Collection of Peddler Bicycles
An eclectic collection of highly specialized bicycles once used by artisans for their specific needs.
Tino Sana Carpenter Museum (Museo del Falegname) is a personal collection of carpenters’ workshops and tools, musical instruments, puppets, sleighs, boats, motorbikes, bicycles, and much, much more. Each and every thematic section of the museum is special and unique in its own way, but the peddler bicycle section is definitely the shining star.
Peddler bicycles are bicycles that were equipped by an artisan for a specific work-related purpose. These bicycles were made from the end of the 1800s to the first half of the 1900s. These were times of deep societal change in Italy. Industrialization was taking hold, and traditional and modern ways of living intersected. An array of jobs that were once done in-house by farmers were now done by specialized artisans that needed to move around to bring their services to those who needed them. The cheapest way to move around was by bicycle, and this modest means of transport had to accommodate each artisan’s specialized work tools.
This collection includes bicycles equipped with all paraphernalia a barber needed, such as scissors, combs, a mirror, lotions, and even the diploma attesting to the barber’s professional training. The knife sharpener’s bicycle came with a rotating grindstone connected to the pedals by means of a secondary chain and operated by pedaling. A large box with specialized hardware was fitted on the cobbler’s bicycle, including different moulds and a working stool. The broom-maker equipped the bicycle with a plane, a vice, ready-made brooms, and plenty of broomcorn.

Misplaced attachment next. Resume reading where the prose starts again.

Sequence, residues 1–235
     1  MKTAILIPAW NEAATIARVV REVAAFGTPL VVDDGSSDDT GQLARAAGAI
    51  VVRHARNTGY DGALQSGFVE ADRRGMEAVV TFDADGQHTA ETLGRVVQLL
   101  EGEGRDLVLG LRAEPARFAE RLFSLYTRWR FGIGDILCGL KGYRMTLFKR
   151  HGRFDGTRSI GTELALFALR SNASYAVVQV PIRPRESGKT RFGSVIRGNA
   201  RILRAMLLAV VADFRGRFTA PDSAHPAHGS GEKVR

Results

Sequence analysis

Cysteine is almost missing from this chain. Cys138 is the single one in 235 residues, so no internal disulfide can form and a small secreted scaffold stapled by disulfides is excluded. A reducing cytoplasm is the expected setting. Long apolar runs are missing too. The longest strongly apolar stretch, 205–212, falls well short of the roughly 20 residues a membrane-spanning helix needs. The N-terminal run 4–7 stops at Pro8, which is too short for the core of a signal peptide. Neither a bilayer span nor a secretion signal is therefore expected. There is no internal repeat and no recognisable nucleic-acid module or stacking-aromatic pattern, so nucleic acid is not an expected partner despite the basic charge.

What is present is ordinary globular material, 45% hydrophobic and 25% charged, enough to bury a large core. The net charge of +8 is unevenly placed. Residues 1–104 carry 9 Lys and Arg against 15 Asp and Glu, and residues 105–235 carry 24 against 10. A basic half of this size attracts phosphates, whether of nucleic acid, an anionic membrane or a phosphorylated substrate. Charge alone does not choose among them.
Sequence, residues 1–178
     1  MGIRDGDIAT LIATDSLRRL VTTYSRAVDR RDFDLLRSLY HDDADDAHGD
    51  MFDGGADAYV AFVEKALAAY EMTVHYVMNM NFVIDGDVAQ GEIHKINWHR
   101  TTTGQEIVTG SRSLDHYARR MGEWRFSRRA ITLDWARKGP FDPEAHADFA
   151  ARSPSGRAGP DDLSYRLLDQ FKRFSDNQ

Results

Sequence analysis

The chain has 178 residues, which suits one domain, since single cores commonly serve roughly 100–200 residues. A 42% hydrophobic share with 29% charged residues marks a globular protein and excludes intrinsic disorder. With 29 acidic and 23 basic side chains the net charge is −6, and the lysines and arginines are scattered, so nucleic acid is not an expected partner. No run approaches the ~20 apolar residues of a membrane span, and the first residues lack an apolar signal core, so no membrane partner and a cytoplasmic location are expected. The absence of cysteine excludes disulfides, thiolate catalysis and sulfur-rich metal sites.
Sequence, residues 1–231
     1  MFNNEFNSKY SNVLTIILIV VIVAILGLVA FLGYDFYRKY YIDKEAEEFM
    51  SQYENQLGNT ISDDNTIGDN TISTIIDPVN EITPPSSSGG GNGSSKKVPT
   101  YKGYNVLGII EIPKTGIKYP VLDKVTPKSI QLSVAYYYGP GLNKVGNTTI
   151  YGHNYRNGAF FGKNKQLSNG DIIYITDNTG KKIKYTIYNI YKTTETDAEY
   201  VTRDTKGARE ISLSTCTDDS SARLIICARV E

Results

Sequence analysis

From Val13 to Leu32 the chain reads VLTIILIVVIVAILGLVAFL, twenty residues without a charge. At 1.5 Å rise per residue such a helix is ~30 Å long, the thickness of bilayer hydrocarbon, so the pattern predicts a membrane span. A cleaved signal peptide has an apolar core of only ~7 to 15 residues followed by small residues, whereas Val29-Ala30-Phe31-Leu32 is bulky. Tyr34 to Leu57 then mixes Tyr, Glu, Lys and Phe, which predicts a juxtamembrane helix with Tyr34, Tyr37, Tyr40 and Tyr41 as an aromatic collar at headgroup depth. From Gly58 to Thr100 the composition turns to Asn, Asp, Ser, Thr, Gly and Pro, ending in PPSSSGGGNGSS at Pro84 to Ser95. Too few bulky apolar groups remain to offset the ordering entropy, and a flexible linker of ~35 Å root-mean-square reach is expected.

There are bicycles for dairymen, chicken sellers, coffee-makers, coppersmiths, and farriers, but among the more curious peddler bicycles on display are those belonging to a cooper, a pork butcher, a roast-chestnut vendor, a stationery seller, a storyteller, and a cinematographer. Not quite a peddler, but still on the theme of specialized bicycles is that of a fireman, equipped with a tow-hook to pull a barrel of water, a hose, and a siren.
These bicycles are from a time in which DIY was unknown to most as an acronym or a concept, yet, they attest to people’s ingenuity to use whatever was at hand to create a unique solution to their needs.
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